Monday, March 17, 2008

Getting Deep at IKEA



It’s my birthday. It’s interesting how these celebrations have mellowed over the years. I did the ultimate suburban thing and went to IKEA. I also realized how easy I am to please these days. Nothing could have made me more happy this birthday weekend than my husband entertaining the kids while I browsed IKEA for shelves and things to make me feel organized. It was (maybe sadly so), blissful.

As I stood in the checkout, I noticed at least 3 people purchasing mass produced canvas art. All of the artwork was either florals or abstracts, nicely stretched and some were textured to look like real paintings. Since the woman in front of me was buying about 800 different types of knobs, I knew I had time to ponder those arty questions - what is art? If it seems purely decorative, is it art? Is painting truly, finally dead as it has been repeatedly claimed since the invention of photography? If growing factories in China can mass produce oil paintings in every genre for peanuts, then why aren’t we painters just chucking it all in and becoming caterers and postal carriers?

Thanks to the ‘knob’ lady, I had an epiphany for all my juvenile angst. It seems so obvious and I knew it before, but I didn’t really FEEL it until then. Original art has soul. It’s not definable, it’s just something you feel. It’s the same reason I just had to go see the Monet to Dali exhibit at the Vancouver Art Gallery last year. Sure, I’ve seen so many of those famous paintings in print throughout my life, but standing in front of the originals was a completely different experience. I went having a preference for Cezanne over Manet, and left with the opposite. It’s the same reason when you spend time in someone’s home where there’s color and original art on the walls, you leave with a cosy feeling and can’t remember what their couch looked like. Then you spend time in a perfectly coordinated house with one or two strategically placed pieces of nicely framed, store bought posters and all you really remember is the sofa. Original art does have the ability to breathe life into a place. For that I'm grateful and I'll just keep on painting.

Here’s an interesting artist, Bill Braun. Click on the link, DON’T READ, quickly scroll the artwork, then read and take a close-up look. Surprised?

10 comments:

dinahmow said...

Well, Ellen, I think you nailed that!

(Really MUST work on a lino block so will click Bill Braun when I stoop for dinner.)

andrea said...

Yesyesyes. Such a simple explanation -- I love it. I have heard that purchasing art gives you a kind of high you rarely get from other 'retail experiences' (except maybe sofas :) and can become quite addicting. Send all addictive personalities who like art in my direction!

And Happy Birthday!

dinahmow said...

Forgot to say "happy birthday" first time around. And I like the sort of "treat" you gave yourself.

Caroline said...

Happy Birthday!

Nothing that brings bliss like that is sad!

BlueJude said...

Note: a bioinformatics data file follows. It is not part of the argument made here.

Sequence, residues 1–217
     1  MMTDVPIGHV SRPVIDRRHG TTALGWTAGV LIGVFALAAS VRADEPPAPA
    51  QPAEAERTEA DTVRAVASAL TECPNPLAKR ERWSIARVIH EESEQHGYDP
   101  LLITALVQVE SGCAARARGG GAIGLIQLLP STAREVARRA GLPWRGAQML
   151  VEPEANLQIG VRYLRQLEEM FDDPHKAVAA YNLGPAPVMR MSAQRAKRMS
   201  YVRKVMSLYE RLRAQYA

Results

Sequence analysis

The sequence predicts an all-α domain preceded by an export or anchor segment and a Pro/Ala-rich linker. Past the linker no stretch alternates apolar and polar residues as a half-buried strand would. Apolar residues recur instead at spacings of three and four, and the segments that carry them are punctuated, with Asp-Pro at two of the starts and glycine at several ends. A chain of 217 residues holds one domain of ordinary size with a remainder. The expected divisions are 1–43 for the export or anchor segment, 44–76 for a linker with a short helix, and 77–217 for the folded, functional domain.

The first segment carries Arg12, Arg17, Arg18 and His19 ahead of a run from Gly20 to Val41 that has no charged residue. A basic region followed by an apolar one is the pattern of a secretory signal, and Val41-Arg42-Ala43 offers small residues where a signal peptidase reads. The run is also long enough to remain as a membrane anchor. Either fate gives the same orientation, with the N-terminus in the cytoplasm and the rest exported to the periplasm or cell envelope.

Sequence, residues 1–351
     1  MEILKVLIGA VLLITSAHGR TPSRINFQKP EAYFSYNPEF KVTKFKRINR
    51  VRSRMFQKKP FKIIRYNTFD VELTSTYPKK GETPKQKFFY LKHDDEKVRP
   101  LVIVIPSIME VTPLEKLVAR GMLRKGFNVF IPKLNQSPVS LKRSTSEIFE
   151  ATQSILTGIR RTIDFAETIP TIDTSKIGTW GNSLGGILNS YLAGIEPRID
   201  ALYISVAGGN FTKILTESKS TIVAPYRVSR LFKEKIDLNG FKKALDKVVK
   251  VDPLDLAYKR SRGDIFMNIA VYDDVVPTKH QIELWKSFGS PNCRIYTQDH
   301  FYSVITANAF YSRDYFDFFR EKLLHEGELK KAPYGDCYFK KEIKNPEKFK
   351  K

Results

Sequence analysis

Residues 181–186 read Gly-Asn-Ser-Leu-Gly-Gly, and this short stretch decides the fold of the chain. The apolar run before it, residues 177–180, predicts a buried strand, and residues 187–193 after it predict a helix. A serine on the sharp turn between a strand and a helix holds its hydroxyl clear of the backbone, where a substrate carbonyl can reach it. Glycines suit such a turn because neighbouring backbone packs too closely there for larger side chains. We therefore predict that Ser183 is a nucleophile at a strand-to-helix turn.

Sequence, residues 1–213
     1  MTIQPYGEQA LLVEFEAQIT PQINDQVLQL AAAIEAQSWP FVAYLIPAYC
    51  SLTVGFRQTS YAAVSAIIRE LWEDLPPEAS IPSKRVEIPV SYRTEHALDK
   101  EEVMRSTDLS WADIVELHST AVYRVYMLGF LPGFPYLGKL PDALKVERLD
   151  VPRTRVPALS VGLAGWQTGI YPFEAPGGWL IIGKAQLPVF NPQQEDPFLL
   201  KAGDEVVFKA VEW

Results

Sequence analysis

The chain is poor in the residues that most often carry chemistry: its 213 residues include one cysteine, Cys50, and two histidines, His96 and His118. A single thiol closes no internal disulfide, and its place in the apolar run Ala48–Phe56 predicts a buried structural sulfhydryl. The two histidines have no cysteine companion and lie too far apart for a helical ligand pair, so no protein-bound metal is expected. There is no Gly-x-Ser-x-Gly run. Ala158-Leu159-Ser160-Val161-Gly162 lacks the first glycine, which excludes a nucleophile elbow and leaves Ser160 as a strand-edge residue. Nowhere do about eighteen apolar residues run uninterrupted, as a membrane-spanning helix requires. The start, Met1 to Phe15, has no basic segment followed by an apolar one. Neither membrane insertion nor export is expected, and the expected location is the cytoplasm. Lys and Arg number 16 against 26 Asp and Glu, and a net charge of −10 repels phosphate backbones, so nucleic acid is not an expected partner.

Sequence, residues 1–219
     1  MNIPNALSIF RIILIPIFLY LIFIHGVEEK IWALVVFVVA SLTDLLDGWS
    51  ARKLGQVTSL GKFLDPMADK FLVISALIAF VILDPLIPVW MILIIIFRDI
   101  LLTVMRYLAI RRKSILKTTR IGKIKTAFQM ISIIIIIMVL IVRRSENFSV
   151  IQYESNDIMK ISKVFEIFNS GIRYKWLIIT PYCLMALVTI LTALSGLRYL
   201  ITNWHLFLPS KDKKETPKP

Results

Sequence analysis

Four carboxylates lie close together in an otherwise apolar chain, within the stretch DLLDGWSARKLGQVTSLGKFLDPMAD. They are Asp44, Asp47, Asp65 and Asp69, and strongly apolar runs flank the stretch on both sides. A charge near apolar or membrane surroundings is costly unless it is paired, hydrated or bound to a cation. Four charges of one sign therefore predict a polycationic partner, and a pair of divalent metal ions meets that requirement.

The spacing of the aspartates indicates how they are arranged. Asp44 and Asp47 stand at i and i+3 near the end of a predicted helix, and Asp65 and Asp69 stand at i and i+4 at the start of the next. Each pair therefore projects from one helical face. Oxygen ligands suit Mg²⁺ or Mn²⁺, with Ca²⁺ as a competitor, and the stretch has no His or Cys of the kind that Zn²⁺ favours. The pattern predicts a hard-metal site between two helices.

What a great post! YOU are right. True art has SOUL...my thoughts exactly. OH and the whole home decor thing is right on. It is a bit discouraging at times tho, that people are purchasing these mass produced pieces when there is other affordable art to be had. Anyhoo, Happy Birthday! What was she doing with all those knobs? lol Maybe some assemblage? Maybe she's an Ikea artist junkie...ok I'm going now. lol

girl work studios said...

Dinah - thanks for the birthday wishes, lino prints are so much fun, be sure to post them when you're done.

Andrea: I wish I was wealthy enough to experience that kind of high and your house was one that was on my mind when I wrote that post - I have no memory whatsoever of what your couch looked like.

Caroline: you are right, being satisfied with small pleasures, whatever they may be is what it's all about.

Blue: I guess the people who buy only wall decor and people who buy original art are not really the same. 2 of the shoppers were buying the $200 textured canvases. I thought they could find something great, at least a limited edition print directly from an artist with that money instead, but I guess getting it all under one roof is convenient.

andrea said...

Ellen: Come to think of it I can't remember what my couch looks like either. :)

Angela Rockett said...

Happy much belated birthday, Ellen!(Sorry so late.)

I have a package I'd like to send to you. Could you email me at arockett at gmail dot com with your snail mail address?

patricia said...

Brilliant post. You nailed it. (Though I confess that not only did I purchase our couch from IKEA, I also once purchased art from IKEA, too. Though in my defense, it was a reproduction of a Hoffnung cartoon, which I knew I would never be able afford, were I to find an original).

And very belated Happy Birthday! (I'm all caught up in my work and am now finally back to exploring my fave blogs!)

girl work studios said...

Angela - thanks for the birthday wishes, let me know when you get my package, love to know what you think of it

Patricia - glad you're back! hey, nothing wrong with purchasing from IKEA, just putting in my plug to support living artists. I have a Cezanne poster from the AGO that I really like, don't really need to say I will never be able to afford the original (unless my lotto numbers come up).